4. Bucke gave a detailed account of a welcome reception held in his honor by architect James W. Wallace and the physician John Johnston, both of Bolton, England. See Bucke's July 18, 1891 letter to Whitman. [back]

5. Whitman confirms receiving a July 17, 1891, telegram from the Bolton physician John Johnston regarding Bucke's safe arrival in England. See Whitman's letter to Johnston of July 17, 1891. The telegram has not been located. [back]

6. It is uncertain which letters are being referred to here. [back]

7. Gabriel Sarrazin (1853–1935) was a translator and poet from France who commented positively not only on Whitman's work but also on Poe's. Whitman later corresponded with Sarrazin and apparently liked the critic's work on Leaves of Grass—Whitman even had Sarrazin's chapter on his book translated twice. For more on Sarrazin, see Carmine Sarracino, "Sarrazin, Gabriel (1853–1935)," Walt Whitman: An Encyclopedia, ed. J.R. LeMaster and Donald D. Kummings (New York: Garland Publishing, 1998). [back]

8. Sarrazin had written to Whitman with news of his recovery and improved health on July 11, 1891[back]

9. Horace L. Traubel (1858–1919) was an American essayist, poet, and magazine publisher. He is best remembered as the literary executor, biographer, and self-fashioned "spirit child" of Walt Whitman. During the mid-1880s and until Whitman's death in 1892, Traubel visited the poet virtually every day and took thorough notes of their conversations, which he later transcribed and published in three large volumes entitled With Walt Whitman in Camden (1906, 1908, & 1914). After his death, Traubel left behind enough manuscripts for six more volumes of the series, the final two of which were published in 1996. For more on Traubel, see Ed Folsom, "Traubel, Horace L. [1858–1919]," Walt Whitman: An Encyclopedia, ed. J.R. LeMaster and Donald D. Kummings (New York: Garland Publishing, 1998). [back]

10. Ellen M. "Nelly" O'Connor was the wife of William D. O'Connor (1832–1889), one of Whitman's staunchest defenders. Before marrying William, Ellen Tarr was active in the antislavery and women's rights movements as a contributor to the Liberator and to a women's rights newspaper Una. Whitman dined with the O'Connors frequently during his Washington years. Though Whitman and William O'Connor would temporarily break off their friendship in late 1872 over Reconstruction policies with regard to emancipated black citizens, Ellen would remain friendly with Whitman. The correspondence between Whitman and Ellen is almost as voluminous as the poet's correspondence with William. For more on Whitman's relationship with the O'Connors, see Dashae E. Lott, "O'Connor, William Douglas [1832–1889]," Walt Whitman: An Encyclopedia, ed. J.R. LeMaster and Donald D. Kummings (New York: Garland Publishing, 1998). [back]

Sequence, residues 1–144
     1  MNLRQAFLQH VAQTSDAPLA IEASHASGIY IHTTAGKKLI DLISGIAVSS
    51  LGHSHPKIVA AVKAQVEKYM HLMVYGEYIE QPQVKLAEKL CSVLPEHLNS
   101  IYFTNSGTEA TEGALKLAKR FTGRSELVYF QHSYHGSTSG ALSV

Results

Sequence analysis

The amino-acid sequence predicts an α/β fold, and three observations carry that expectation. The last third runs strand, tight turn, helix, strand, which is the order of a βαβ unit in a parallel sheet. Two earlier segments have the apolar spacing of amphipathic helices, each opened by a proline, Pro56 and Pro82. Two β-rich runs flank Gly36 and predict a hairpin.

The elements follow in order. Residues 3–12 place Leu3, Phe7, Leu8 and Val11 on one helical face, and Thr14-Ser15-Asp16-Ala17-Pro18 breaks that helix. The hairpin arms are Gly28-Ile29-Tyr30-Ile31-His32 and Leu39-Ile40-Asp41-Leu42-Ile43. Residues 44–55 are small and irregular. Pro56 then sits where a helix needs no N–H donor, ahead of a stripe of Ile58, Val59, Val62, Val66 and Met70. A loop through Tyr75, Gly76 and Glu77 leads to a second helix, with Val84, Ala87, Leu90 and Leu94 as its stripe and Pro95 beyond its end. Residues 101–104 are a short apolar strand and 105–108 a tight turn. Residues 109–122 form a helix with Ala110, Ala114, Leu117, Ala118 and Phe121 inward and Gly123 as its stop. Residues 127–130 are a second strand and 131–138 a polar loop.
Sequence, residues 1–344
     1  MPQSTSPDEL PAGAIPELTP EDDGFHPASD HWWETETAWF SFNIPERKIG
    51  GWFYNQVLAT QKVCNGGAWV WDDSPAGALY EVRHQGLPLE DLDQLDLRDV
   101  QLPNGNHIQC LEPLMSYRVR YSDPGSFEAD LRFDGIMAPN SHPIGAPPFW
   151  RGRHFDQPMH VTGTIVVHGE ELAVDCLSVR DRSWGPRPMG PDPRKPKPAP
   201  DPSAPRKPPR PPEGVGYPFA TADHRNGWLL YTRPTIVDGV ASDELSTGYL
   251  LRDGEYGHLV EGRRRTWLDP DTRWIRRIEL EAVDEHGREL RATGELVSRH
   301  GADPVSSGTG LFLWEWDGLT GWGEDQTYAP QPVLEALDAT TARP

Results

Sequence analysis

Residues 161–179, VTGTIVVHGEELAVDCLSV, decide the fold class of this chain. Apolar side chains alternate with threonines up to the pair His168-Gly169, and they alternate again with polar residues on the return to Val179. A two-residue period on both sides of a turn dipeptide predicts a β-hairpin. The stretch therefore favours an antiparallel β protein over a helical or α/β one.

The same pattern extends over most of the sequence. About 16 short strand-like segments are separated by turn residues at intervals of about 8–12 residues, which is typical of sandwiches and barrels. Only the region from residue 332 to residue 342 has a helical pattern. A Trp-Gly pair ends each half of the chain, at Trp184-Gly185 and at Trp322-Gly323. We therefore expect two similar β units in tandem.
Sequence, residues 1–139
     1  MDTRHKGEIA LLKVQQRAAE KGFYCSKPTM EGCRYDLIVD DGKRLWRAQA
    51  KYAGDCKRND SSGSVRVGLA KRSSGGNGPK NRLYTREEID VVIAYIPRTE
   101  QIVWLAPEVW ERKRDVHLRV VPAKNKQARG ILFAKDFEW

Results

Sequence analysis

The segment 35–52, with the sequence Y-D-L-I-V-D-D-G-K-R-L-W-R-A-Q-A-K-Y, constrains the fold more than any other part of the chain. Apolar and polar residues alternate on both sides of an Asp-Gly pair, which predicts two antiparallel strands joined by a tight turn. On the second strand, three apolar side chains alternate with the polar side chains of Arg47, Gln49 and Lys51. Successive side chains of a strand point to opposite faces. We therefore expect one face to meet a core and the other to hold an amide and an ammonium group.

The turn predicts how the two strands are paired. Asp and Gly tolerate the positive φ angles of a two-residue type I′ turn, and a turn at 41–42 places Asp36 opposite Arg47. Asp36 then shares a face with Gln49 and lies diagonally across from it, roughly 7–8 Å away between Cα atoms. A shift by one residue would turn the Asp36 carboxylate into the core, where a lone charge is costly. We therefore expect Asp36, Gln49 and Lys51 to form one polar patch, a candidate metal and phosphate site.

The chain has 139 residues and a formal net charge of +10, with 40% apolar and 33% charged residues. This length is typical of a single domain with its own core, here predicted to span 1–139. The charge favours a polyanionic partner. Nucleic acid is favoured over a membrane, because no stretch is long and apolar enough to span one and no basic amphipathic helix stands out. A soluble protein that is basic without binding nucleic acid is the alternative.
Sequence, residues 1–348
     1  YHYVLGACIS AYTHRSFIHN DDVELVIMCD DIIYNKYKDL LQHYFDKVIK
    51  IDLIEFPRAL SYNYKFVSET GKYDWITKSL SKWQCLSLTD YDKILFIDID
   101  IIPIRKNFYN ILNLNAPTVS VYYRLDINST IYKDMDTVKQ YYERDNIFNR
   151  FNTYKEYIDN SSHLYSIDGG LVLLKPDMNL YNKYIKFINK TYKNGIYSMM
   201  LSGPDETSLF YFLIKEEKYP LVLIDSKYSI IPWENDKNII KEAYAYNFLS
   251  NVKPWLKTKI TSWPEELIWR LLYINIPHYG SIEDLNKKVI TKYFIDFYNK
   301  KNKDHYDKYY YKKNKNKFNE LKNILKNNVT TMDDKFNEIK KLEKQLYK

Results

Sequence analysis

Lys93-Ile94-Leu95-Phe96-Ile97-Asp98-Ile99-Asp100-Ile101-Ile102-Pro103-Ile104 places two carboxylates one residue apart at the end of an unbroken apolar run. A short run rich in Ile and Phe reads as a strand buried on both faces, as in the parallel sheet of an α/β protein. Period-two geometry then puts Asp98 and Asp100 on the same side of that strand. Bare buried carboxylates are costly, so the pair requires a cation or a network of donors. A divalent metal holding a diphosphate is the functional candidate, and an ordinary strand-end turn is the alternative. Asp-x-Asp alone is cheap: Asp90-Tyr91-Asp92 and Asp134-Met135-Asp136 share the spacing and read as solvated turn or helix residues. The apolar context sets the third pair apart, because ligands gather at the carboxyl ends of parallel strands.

11. William Douglas O'Connor (1832–1889) was the author of the grand and grandiloquent Whitman pamphlet "The Good Gray Poet," published in 1866 (a digital version of the pamphlet is available at "The Good Gray Poet: A Vindication"). For more on Whitman's relationship with O'Connor, see Deshae E. Lott, "O'Connor, William Douglas (1832–1889)," Walt Whitman: An Encyclopedia, ed. J.R. LeMaster and Donald D. Kummings (New York: Garland Publishing, 1998). [back]

12. William Douglas O'Connor worked for the United States Lighthouse Board (eventually the Life Saving Service) for many years, becoming Assistant General Superintendent in 1878; his book of nonfiction about lighthouse keepers, Heroes of the Storm, was eventually published in 1904. [back]

13. Whitman is referring to Kennedy's wife. Kennedy married Adeline Ella Lincoln (d. 1923) of Cambridge, Massachusetts, on June 17, 1883. [back]